Public space and territories of practice in Yogyakarta and Timor-Leste
Join Bayu, Fitri DK (SURVIVE! Garage), Alfe RM, Chris and Fikaris (Animatism) in conversation as they reflect on their practice, the restyling of urban subjectivities, public space collaborations, and the work of art collectives in Yogyakarta & Timor-Leste.
SURVIVE! Garage was established in 2009 as an alternative community space and art shop. SURVIVE! Garage works with a range of artists and communities from Indonesia, and supports young independent & emerging artists by providing a space to exhibit, run performances and workshops. SURVIVE! Garage provides a community base for artists who sit outside mainstream art culture to connect with each other.
Animatism is an exchange of creative ideas and artistic action between Melbourne and East Timor. Animatism supports cultural exchange, festival and showcase opportunities for collaborations between Australian and East Timorese artists led by East Timor’s free art school, Arte Moris and Melbourne-based artists and creative producers. The project creates intergenerational spaces for dialogue around artistic resilience, peace and the creative articulation of a unified vision of contemporary East Timor. The project advocates for creative ways to bring Australians and East Timorese together in partnership, deepening cross-cultural understanding across the Asia-Pacific region, developing new creative works for Australian and East Timorese audiences and broadening networks between the two countries. Animatism seeks to advance regional knowledge about life through art.
More on SURVIVE! Garage and Animatism.
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Fitriani Dwi Kurniasih (Fitri DK) is an art worker from Yogyakarta. Fitri is also a visual artist who uses graphic art techniques (such as hardboard cuts and etchings) to question social and environmental issues. Through art and music, Fitri raises women’s issues and consistently presents a strong voice in a patriarchal context. Fitri is a member of SURVIVE! Garage community, Taring Padi art collective, and vocalist of the band Dendang Kampungan.
Bayu Widodo is an art worker; founder and owner of alternative art space SURVIVE! Garage in Yogyakarta, Indonesia. Bayu is also known as a visual artist using graphic art and painting techniques to critique political, social and environmental issues. He has exhibited widely in Indonesia and abroad. Bayu runs screen printing workshops in communities, schools and his studio is open to all who is interested in learning about art, particularly graphic art techniques. Bayu is also an active member of the Taring Padi art collective.
Chris Parkinson is a photographic artist, arts professional and published author who seeks to build inclusive conditions for artists and art to flourish. Chris’ long-term collaboration with East Timorese artists developed the Animatism collective; a cross-cultural collective of artists working on creative diplomacy projects between Australia, East Timor, and Indonesia. His 2010 book, Peace of Wall: Street Art from East Timor, was described as a ‘book of evocative photojournalism capturing an important moment in East Timor’s history through its walls’. Chris is a Youth Arts Officer with the City of Yarra, sits on the Centre for Projection Art’s Creative Advisory Committee and is a senior editor of Photodust.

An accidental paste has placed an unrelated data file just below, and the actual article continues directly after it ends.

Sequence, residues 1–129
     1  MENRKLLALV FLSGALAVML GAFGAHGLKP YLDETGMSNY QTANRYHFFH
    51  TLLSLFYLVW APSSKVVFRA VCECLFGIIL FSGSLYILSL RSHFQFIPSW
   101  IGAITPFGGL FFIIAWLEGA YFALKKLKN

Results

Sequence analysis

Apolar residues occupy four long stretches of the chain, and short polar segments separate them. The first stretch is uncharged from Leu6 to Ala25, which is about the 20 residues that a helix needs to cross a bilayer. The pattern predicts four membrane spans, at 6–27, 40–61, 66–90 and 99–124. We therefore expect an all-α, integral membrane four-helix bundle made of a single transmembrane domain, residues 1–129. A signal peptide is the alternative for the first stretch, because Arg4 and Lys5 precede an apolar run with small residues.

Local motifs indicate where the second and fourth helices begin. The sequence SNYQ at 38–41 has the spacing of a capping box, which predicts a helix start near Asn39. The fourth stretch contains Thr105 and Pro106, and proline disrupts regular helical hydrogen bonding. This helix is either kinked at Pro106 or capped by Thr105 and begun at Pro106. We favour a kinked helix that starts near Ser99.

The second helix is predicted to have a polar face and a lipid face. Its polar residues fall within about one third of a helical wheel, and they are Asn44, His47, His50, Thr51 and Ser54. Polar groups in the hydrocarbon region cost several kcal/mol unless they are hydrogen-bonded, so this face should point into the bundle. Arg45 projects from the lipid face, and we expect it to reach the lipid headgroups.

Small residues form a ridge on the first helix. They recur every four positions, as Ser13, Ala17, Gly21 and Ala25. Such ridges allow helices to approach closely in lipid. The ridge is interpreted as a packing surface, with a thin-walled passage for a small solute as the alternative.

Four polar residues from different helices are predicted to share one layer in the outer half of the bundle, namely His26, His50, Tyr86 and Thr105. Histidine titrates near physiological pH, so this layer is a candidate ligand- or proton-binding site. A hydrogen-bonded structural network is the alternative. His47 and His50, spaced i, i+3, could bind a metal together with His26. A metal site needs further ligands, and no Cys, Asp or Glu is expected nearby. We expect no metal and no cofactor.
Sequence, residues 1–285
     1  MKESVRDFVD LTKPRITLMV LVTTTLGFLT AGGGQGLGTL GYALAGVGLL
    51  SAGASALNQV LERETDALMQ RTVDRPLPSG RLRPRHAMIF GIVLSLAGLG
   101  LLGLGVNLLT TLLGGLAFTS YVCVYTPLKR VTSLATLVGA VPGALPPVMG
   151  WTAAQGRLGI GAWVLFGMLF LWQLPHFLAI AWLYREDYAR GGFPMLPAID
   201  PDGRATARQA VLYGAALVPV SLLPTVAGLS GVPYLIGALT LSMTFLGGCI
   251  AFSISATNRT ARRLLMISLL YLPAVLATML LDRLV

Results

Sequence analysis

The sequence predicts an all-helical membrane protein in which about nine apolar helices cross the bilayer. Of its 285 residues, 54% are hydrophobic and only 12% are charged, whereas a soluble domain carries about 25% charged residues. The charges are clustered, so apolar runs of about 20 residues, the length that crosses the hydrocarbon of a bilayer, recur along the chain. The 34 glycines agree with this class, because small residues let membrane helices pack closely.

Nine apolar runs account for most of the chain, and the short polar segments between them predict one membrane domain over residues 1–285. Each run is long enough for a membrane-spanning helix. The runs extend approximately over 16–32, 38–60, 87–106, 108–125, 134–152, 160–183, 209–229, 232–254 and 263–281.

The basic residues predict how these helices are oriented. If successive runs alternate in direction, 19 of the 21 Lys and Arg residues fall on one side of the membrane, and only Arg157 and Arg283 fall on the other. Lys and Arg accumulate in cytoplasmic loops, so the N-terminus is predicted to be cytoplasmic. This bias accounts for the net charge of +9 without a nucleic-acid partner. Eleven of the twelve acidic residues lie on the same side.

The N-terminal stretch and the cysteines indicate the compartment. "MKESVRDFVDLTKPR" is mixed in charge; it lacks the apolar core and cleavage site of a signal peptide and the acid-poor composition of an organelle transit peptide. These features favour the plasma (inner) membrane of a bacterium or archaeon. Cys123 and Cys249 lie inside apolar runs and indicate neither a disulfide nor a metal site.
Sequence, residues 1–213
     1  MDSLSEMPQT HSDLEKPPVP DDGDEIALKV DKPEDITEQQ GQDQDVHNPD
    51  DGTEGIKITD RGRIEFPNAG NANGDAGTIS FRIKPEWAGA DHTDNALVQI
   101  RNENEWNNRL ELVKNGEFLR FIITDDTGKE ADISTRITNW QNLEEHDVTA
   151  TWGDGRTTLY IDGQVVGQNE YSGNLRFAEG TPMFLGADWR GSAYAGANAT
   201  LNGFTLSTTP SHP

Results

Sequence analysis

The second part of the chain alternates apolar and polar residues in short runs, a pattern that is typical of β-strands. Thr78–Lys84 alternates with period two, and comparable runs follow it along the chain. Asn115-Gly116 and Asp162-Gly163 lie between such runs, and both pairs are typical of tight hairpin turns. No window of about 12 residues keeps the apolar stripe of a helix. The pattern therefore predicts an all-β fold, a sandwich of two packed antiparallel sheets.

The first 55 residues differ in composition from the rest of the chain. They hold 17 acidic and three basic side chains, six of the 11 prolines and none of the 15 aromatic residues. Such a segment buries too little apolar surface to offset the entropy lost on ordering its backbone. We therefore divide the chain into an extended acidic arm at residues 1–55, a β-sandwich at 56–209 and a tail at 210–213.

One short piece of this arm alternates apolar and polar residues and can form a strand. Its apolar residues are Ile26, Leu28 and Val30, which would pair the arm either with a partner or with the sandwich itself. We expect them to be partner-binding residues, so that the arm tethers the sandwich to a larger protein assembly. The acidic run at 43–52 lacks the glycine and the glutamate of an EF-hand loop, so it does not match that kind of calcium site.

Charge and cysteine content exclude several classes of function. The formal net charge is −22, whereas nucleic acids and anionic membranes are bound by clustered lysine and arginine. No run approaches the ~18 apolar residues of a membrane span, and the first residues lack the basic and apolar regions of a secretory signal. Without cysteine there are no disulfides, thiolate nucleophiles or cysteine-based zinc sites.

He was a member of the VCA’s Art, Social and Spatial Practice Research Cluster and is a recipient of grants from Creative Victoria, the University of Melbourne, the Australian International Cultural Council, the Department of Justice, VicHealth and a recipient of a Peter Macphee Student Engagement Award (University of Melbourne) and an Australian Arts in Asia Award.
Alfeo Sanches Pereira (Alfe RM) is a Timorese visual artist. He trained at the Arte Moris art school in Dili from 2004-2010 in a newly-independent Timor-Leste. Alfe has refined his practice through several international cultural exchanges and has exhibited in solo and collective exhibitions in Dili, Australia, Switzerland (2008), Macau (2016) and France (2017). In Melbourne, he has painted murals in Richmond, Fitzroy and the CBD and has co-created projections for the Gertrude Street Projection Festival. Alfe’s work connects closely with activist movements in Timor-Leste. His stencil art became a symbol of his country’s fight for a fair maritime boundary with Australia, a longstanding dispute which was resolved in 2018. Alfe is currently living in Melbourne.
Michael Fikaris is an Australian multidisciplinary artist whose career has spanned nearly 20 years. Initially a central figure in both Melbourne’s comic book and street art movements in the early 2000s, Fikaris has expanded their oeuvre into print making, small press publishing and large-scale painting. Fikaris has worked extensively on projects locally and internationally with varying communities as well as art institutions and educational bodies. As a freelance artist and community driven project leader, Fikaris has been publishing anthologies under the nameSilent Army comic collective since 2002 and in 2017 was awarded the Platinum Ledger Award for outstanding service to Australian comics.
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